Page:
Yesterday, I spent an hour with a man who is trying to reinvent himself. Like many, his world collapsed with the stock market in 2008. He is sixty, talented, motivated, broke, and stuck.
As we talked, I was struck by how often he referred to himself as a dinosaur. Everything he knew how to do has been rendered obsolete by new technologies and he feels unemployable. According to him, the world has left him behind. In the course of the conversation, he later admitted that he knows what he wants to do next. For a moment, as he shared his dreams, his eyes brightened. Then the shadow descended again. He’s afraid of taking the risk and being homeless.
This is story I hear all the time. Thinking about it, I’m realizing that the hardest part about being at a crossroads is that the hallway is dark. You have to feel your way, step by step, until you reach the next door. By the time you arrive, you’re quivering with fear and pushing that door open is scarier than staying in the darkness with which you’ve become familiar. While you’re in the dark, you hear only the voices in your head jabbering a million miles an hour as they search for a plausible reason for being in the hallway to begin with. Eventually, those voices find a shared thread and reduce themselves to a bite-sized refrain that becomes a story you can swallow. It keeps you sane for awhile. Then it gets in the way.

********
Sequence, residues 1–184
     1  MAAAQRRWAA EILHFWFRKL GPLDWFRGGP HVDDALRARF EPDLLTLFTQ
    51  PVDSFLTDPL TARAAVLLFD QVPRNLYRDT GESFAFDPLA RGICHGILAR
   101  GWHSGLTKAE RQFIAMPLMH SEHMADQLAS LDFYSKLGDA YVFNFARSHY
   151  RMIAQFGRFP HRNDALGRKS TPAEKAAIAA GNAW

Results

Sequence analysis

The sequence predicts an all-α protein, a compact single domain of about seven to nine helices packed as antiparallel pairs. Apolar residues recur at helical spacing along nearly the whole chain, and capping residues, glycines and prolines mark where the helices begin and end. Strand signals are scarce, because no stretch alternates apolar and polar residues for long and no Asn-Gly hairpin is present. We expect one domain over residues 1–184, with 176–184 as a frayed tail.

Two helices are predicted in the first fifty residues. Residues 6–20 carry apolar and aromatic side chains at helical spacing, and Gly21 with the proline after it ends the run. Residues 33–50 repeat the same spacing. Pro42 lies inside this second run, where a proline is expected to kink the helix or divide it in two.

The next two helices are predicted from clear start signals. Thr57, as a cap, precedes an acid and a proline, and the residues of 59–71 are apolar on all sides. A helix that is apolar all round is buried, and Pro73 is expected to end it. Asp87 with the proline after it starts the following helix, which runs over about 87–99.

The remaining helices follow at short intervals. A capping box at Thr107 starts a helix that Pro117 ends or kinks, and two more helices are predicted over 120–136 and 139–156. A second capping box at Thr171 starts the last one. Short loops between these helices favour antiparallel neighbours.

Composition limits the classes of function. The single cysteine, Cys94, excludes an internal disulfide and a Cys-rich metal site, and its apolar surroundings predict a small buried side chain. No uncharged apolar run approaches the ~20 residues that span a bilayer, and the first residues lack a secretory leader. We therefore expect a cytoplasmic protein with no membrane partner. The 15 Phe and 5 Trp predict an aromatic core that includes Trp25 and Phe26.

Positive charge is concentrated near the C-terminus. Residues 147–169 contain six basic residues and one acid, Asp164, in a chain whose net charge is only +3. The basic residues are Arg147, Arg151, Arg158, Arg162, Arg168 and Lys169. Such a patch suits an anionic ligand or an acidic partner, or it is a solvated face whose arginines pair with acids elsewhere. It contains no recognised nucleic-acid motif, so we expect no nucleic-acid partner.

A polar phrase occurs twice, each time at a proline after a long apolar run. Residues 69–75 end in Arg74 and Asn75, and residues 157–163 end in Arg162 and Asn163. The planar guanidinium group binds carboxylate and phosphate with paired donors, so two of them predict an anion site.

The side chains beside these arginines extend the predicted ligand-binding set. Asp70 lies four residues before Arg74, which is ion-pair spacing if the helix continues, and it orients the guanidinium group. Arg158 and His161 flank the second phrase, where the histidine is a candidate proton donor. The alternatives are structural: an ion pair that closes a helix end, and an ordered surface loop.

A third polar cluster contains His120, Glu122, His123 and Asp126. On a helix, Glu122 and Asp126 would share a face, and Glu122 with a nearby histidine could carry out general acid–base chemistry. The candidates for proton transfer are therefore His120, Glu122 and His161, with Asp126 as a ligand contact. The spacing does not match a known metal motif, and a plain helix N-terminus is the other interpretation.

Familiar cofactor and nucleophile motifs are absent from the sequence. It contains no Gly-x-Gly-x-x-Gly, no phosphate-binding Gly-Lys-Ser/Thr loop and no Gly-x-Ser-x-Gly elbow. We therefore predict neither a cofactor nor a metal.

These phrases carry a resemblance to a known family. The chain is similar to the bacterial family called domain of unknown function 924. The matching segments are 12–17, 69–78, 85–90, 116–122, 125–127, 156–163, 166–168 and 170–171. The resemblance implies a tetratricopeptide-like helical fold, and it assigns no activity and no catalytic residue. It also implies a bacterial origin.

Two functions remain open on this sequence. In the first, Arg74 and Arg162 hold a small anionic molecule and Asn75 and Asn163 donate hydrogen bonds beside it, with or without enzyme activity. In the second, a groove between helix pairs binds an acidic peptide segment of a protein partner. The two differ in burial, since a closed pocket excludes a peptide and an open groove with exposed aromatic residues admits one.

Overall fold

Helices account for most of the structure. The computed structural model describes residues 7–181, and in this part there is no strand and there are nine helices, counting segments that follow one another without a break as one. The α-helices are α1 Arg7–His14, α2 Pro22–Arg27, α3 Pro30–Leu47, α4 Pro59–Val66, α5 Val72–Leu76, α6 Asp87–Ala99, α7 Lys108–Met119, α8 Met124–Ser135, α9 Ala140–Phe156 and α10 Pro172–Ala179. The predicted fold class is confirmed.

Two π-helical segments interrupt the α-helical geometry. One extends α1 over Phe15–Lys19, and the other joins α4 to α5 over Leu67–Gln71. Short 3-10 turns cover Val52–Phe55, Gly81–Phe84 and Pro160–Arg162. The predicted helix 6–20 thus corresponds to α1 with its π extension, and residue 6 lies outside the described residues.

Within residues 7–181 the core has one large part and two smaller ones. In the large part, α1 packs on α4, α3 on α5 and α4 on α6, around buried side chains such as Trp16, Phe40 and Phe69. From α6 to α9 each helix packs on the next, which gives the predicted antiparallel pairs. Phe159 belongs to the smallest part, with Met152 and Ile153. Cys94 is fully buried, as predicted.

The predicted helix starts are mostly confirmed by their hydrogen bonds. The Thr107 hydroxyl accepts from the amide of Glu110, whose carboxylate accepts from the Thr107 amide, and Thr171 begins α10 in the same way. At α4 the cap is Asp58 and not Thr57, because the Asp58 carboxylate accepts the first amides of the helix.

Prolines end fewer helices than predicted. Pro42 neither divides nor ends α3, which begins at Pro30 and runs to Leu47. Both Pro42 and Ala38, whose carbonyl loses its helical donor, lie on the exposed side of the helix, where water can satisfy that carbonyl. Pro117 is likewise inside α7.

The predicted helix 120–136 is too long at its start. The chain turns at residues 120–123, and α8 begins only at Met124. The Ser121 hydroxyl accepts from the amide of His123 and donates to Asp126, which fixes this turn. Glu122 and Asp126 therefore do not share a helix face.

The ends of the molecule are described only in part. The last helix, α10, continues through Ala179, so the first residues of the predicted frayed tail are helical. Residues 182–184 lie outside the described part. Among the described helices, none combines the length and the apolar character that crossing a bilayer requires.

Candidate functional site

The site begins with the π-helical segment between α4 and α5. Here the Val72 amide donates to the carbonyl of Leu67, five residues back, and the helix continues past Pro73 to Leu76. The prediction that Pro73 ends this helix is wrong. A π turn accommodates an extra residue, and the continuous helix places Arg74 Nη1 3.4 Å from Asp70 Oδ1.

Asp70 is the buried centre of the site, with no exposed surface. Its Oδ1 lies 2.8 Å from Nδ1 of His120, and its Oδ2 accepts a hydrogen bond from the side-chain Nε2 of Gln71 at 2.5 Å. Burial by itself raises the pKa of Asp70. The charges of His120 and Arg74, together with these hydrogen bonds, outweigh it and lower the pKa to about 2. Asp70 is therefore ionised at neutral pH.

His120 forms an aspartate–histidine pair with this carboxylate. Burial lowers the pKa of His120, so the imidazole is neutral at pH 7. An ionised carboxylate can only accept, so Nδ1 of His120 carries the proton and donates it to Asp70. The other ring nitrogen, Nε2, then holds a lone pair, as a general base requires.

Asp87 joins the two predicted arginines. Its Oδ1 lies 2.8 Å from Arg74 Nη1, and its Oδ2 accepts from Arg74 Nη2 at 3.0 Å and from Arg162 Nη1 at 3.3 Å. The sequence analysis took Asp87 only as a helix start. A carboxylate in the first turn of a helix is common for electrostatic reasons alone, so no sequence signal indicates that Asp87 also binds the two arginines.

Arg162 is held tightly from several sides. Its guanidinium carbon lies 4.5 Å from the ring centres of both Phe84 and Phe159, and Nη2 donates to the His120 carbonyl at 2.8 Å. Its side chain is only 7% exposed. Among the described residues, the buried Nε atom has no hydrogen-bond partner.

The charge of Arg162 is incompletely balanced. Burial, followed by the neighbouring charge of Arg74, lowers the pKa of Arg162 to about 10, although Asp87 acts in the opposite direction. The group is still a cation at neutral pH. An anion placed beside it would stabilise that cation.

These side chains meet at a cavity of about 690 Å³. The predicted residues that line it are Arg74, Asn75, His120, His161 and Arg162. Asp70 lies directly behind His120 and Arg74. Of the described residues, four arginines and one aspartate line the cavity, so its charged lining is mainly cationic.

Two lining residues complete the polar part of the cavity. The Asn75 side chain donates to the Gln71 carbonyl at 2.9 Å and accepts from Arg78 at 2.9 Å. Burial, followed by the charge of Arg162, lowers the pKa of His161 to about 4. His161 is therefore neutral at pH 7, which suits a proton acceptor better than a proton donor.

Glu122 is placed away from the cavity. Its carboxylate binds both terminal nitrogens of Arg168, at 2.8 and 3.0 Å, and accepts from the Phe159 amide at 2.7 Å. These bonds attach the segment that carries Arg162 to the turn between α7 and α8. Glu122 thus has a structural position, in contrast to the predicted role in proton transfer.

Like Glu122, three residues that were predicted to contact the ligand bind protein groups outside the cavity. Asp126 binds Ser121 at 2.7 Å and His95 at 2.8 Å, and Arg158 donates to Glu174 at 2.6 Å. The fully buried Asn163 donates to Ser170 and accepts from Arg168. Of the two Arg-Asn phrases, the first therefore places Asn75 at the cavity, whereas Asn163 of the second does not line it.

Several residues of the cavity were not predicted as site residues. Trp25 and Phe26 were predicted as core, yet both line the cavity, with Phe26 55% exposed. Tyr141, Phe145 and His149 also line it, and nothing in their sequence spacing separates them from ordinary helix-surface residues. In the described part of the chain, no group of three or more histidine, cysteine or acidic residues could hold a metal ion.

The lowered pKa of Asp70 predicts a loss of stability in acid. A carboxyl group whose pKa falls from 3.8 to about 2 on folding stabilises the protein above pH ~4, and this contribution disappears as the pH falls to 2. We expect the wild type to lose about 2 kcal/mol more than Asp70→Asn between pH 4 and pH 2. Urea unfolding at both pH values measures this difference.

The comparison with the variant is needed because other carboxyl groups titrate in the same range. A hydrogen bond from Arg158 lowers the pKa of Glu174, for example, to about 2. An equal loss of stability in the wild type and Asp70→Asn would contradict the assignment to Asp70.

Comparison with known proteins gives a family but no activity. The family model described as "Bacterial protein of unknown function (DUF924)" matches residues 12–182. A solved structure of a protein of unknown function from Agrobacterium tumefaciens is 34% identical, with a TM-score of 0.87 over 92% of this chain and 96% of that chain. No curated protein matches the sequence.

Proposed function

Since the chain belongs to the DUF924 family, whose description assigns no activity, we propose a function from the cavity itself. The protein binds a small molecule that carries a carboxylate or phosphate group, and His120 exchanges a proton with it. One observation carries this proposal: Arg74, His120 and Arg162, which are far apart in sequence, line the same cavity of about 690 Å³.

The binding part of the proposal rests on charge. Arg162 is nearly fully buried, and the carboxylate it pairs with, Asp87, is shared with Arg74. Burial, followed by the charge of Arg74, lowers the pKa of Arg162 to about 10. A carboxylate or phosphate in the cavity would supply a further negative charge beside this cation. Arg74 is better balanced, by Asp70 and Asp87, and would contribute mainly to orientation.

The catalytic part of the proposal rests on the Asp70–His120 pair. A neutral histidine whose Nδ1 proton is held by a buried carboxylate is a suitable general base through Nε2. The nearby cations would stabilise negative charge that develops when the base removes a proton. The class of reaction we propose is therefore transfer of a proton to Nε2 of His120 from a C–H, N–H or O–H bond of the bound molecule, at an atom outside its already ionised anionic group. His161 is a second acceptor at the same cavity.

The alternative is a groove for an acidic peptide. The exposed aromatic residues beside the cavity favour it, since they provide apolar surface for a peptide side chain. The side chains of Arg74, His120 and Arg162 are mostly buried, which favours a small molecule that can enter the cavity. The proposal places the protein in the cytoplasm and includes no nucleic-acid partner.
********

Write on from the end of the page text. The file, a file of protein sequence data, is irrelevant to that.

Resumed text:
I’ve found that every time I justify a situation or tell myself a story that becomes an excuse, I relinquish my power to change it. When a story no longer serves its purpose, when it holds you back and keeps you in the dark, it’s time to let it go. His story was age and technology. Most recently, mine was a bad back. It took everything I had to let go of my long career as a sculptor. My entire identity was defined by what I did. Over the last year, I spent a lot of time in the dark, playing my bite-sized refrain and feeling sorry for myself. Then, one morning, I finally understood that I am not my career. So I had to ask, “Who am I?”
The answer to that question was the beginning of Utopia. I’m creating again, just in a different medium.
Recently, Seth Godin responded to the question, “How do you get rid of the fear?” I loved his answer. He said, “Alas, this is the wrong question.
The only way to get rid of the fear is to stop doing things that might not work, to stop putting yourself out there, to stop doing work that matters.
No, the right question is, How do I dance with the fear?
Fear is not the enemy. Paralysis is the enemy.”
If your story is keeping you in the dark, keeping you paralyzed, it’s time to let it go. Only then can you begin to tell a new one.